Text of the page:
Thomas Berry writes, “We must invent, or reinvent, a sustainable human culture by a descent into our pre-rational, our instinctive resources….What is needed is not transcendence but ‘inscendence.’”(8) This descent, this inscendence, is the journey of soul discovery, which can be engaged only by those who have moved beyond the early adolescence in which our society has stalled. Through an individual’s initiatory time in the underworld of soul, she uncovers a dream, a vision, or a revelation that will “inspire, guide, and drive the action” for the rest of life, as Thomas says. “The dream provides the energy for adult action.”(9)
The most inspiring work in the world today is being performed by those who have undergone this initiatory passage, those who have returned with precious resources for a soulcentric or life-sustaining society. This is the descent of which Thomas writes, the mature hero’s journey described by mythologist Joseph Campbell, the descent to the goddess portrayed by Jungian therapist Sylvia Brinton Perera, the process of individuation identified by Carl Jung and other depth psychologists such as James Hillman and Marion Woodman, and the subject of my first book, Soulcraft: Crossing into the Mysteries of Nature and Psyche.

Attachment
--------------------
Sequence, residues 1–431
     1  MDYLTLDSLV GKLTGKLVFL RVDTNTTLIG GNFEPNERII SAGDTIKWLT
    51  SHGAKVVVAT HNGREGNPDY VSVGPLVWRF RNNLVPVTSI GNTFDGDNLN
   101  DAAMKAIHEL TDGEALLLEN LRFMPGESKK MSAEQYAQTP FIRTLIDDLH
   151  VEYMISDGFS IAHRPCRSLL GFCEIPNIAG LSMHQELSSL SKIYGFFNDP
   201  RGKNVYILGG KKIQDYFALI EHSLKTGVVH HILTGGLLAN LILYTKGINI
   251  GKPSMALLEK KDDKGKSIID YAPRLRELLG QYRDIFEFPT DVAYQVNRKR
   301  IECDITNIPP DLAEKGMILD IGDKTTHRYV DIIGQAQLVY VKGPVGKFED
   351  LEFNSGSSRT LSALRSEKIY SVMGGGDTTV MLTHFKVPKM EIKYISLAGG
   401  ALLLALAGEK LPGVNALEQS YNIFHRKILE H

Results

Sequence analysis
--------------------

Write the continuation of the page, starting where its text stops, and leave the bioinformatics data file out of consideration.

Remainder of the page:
We cannot simply think our way out of our current planetary impasse — not even with blue-ribbon panels of the world’s best minds. As Albert Einstein noted, “No problem can be solved from the same level of consciousness that created it.”(10) A viable plan for transforming our culture will not come from the worldview or the values that produced it. Viable cultural systems have always been sourced in the soul-rooted revelations, visions, and dreams of those with the courage to wander across borders into exotic psychospiritual realms, those like Crazy Horse, Gandhi, Jesus, and Buddha, and the equally inspiring but (in a patho-adolescent society) less-celebrated visionary women such as Mother Teresa, Hildegard von Bingen, and Wangari Maathai.
Mature revelation demands mature people. Positive cultural change is the natural outcome of healthy individual development, because mature people vitalize culture through their individual and collective actions. Cultural health and individual health engender one another. This book explores nature’s ways — and every vital culture’s ways — for raising healthy children; preparing adolescents for the initiatory adventure that opens the way to mature, authentic adulthood; and enhancing the cultural artistry and fulfillment of adult and elder lives.